As a laundry list of Brad’s existential questions “Brad’s Status” doesn’t delve deep enough to provide any real answers, no matter how good the performances.
“Paper Towns,” the new teen movie from the writer of “The Fault in Our Stars,” is a coming-of-age-mystery-love story-road trip-romance about a teenage boy and the mysterious girl of his dreams.
Nat Wolff is Quentin, an Orlando, Florida A-student just weeks away from graduation. His childhood crush, Margo Roth Spiegelman (Cara Delevingne), lives across the street but they haven’t spoken in nine years. He’s a nerd, she’s an exotic beauty who looks like she just walked out of a Victoria Secrets catalogue—because, in real life, Delevingne was a VS model—and he still loves her. One night, out of the blue, she appears and asks a favour with her husky voice, like a young Brenda Vaccaro.
“I have nine things to do tonight, and I need a get-a-way driver.”
It’s a mission of revenge against her cheating boyfriend and BFFs who have betrayed her. “It’s a night to right some wrongs and wrong some rights,” she tells him. “Basically it will be the best night of your life.”
Among other things they cloak a car in Saran Wrap, complete with a note that reads “That’s a wrap on our friendship,” and share a quick tender moment. The next morning, she’s gone.
Her parents are unconcerned. “She’s not missing,” says her mother, “she’s gone. There’s a difference. She’ll come back when people stop talking about her.”
Quentin isn’t so sure, and soon begins to find clues Margo left behind. Convinced she wants him to find her, he becomes a teenage Columbo, piecing together a series of obscure clues that would give Sherlock Holmes a headache. The clues lead him and a car load of friends (Halston Sage as Lacey, Austin Abrams as Ben, Justice Smith as Radar and Jaz Sinclair as Angela) to a tiny “paper town” (a fictional place on a map used by cartographers as copyright protection) in New York State.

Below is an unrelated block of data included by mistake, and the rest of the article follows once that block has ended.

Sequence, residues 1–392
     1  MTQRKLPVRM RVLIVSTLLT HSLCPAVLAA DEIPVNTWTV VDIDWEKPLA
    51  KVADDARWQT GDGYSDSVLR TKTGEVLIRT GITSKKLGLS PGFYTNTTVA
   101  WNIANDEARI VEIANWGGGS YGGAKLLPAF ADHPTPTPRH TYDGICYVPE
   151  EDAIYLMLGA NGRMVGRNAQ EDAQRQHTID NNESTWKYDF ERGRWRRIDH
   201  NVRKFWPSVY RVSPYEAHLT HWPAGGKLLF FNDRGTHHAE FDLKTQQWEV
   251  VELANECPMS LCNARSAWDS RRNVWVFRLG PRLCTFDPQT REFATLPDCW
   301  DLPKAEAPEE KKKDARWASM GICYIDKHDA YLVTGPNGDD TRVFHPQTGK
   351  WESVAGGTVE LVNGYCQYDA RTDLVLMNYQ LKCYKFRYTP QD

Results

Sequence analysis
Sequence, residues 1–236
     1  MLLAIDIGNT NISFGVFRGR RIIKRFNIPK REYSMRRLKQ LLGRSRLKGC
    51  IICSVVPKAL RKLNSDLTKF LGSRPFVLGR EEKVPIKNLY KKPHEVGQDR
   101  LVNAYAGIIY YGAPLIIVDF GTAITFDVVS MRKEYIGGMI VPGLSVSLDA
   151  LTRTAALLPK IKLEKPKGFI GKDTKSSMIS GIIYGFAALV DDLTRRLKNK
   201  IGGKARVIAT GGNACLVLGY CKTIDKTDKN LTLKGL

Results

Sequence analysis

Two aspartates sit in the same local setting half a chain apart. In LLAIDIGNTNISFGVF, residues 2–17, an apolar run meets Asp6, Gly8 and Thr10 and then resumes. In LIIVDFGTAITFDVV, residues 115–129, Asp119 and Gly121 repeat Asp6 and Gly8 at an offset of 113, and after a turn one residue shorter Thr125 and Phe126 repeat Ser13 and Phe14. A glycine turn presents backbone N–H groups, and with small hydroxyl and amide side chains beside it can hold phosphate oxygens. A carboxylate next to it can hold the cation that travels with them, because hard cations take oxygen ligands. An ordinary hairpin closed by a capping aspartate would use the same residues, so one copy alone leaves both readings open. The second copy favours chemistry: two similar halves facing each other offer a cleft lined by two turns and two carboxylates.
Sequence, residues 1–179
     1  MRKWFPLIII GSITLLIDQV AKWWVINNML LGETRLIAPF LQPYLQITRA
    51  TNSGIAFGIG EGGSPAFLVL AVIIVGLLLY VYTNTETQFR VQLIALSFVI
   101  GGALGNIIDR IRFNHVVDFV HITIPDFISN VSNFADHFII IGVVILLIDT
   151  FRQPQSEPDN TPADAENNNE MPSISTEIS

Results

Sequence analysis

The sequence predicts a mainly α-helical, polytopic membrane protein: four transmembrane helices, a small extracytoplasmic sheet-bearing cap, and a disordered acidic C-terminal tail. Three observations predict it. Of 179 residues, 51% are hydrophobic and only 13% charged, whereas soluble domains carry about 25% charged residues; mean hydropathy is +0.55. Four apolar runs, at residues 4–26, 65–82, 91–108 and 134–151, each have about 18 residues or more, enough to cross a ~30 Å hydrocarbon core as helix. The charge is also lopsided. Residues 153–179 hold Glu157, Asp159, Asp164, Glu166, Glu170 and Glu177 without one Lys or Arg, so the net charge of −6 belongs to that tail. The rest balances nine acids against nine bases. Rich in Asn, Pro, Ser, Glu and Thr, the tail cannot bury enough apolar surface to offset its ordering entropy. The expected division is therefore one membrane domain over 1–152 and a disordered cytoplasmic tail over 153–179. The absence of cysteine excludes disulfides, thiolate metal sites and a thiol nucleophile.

Whether or not Quentin finds her is irrelevant. It’s the journey, not the destination that counts. Margo is the McGuffin, an impossible pixie dream girl who, despite reading Walt Whitman and being the only millennial who knows who Woody Guthrie is, is the least interesting part of the story. She exists simply to put everything in motion.
Is the journey worth your time and money? Sure, if you consider pop psychology like, “You have to get lost to find yourself,” to be a deep insight to the human condition. It rides the line between existential teen drama and the above-mentioned mishmash of styles (coming-of-age-mystery-love story-road trip-romance) that never exactly dins its tone. For a movie whose mantra is, “Take a risk,” it certainly plays it safe with the storytelling.
Keeping that in mind, “Paper Towns” is populated with likeable, compelling characters. Delevingne is a charismatic catalyst, and the trio of boys have the genuine chemistry of friends who have “known one another since they were foetuses.” They bring the material to life, breathing life into a story that is simultaneously overwritten and under realised.